#Mysterious bright lights appeared over #Norway on Saturday, leaving #AuroraHunters baffled and sparking speculation of potential #UFO activity.
The cause of the unusual colored clouds, though, was much closer to home.
The unusual light show was actually part of a #NASA funded #AZURE (Auroral Zone Upwelling Rocket Experiment) experiment to learn about the flow of particles in the ionosphere and to find out more about the contribution that an aurora makes to the amount of energy leaving and entering Earth’s geospace system. The #ionosphere is the layer of the Earth’s atmosphere ionized by solar and cosmic #radiation, located about 75-1000 km above our planet.
The AZURE mission successfully launched back-to-back aboard two sounding rockets in Norway tonight. These colorful clouds created a light show in the sky, helping researchers track the flow of neutral and charged particles in Earth’s ionosphere. Details: XaAp7FJDPgk. pic.twitter.com/vCZ3wFzzBo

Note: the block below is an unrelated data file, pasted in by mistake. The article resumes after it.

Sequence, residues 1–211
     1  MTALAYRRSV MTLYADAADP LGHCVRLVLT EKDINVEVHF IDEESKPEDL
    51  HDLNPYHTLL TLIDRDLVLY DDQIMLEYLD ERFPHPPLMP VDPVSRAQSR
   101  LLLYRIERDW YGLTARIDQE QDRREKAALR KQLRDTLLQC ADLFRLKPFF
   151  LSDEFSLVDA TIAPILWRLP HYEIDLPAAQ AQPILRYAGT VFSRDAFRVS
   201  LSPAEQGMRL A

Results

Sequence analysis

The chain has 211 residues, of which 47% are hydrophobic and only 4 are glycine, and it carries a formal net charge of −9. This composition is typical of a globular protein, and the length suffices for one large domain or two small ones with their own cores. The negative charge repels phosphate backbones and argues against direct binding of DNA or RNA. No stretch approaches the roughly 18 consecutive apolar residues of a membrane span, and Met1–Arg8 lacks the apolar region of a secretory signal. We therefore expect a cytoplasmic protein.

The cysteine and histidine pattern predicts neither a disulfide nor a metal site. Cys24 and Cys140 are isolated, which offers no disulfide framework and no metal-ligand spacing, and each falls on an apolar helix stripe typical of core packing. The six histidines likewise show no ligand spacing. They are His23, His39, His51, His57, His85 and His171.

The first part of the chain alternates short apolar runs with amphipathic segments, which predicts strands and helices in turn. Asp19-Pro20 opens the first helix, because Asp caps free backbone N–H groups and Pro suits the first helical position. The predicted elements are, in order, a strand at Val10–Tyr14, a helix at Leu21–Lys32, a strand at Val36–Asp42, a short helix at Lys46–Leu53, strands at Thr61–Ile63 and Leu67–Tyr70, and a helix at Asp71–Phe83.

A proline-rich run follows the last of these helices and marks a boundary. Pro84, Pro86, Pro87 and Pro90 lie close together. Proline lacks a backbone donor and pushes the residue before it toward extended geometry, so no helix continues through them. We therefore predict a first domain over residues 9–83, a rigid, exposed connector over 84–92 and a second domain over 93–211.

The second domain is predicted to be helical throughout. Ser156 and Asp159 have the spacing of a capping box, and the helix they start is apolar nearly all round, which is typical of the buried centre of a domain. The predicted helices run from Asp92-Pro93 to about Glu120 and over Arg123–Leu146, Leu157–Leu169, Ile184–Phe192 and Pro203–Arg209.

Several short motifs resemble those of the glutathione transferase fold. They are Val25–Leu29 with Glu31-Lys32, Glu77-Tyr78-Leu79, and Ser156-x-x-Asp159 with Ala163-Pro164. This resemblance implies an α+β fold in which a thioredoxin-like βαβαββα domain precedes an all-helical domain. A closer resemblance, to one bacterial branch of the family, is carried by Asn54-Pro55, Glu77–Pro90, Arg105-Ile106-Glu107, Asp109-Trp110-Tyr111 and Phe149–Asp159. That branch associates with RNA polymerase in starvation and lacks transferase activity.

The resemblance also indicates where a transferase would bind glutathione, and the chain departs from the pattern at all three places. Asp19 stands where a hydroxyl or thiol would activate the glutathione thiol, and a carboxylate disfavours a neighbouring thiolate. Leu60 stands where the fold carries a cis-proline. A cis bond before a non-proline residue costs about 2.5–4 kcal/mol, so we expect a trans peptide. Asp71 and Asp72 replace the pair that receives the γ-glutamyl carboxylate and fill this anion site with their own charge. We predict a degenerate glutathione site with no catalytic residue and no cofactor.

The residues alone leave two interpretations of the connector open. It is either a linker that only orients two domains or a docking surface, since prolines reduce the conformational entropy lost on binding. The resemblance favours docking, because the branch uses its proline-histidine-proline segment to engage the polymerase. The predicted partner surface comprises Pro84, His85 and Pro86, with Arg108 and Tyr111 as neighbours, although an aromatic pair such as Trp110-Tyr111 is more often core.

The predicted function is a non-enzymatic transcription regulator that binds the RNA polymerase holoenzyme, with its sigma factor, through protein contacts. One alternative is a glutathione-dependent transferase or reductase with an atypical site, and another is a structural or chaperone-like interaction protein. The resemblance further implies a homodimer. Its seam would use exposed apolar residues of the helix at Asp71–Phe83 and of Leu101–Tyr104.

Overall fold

— NASA Wallops (@NASA_Wallops) April 5, 2019
Two rockets were launched from the the Andøya Space Center in northern Norway. They measured the temperature and atmospheric density and deployed tracers including trimethylaluminum and a barium and strontium mixture, which ionizes when exposed to sunlight.
“These mixtures create colorful clouds that allow researchers to track the flow of neutral and charged particles, respectively,” NASA explained last year, adding that its tracers would “pose no hazard to residents in the region.”
The clouds were then tracked to measure the winds and flow of particles as the glowing spots dispersed. NASA is planning another seven #rocketlaunches in Norway over the next two years, so more #alien panic could be expected.
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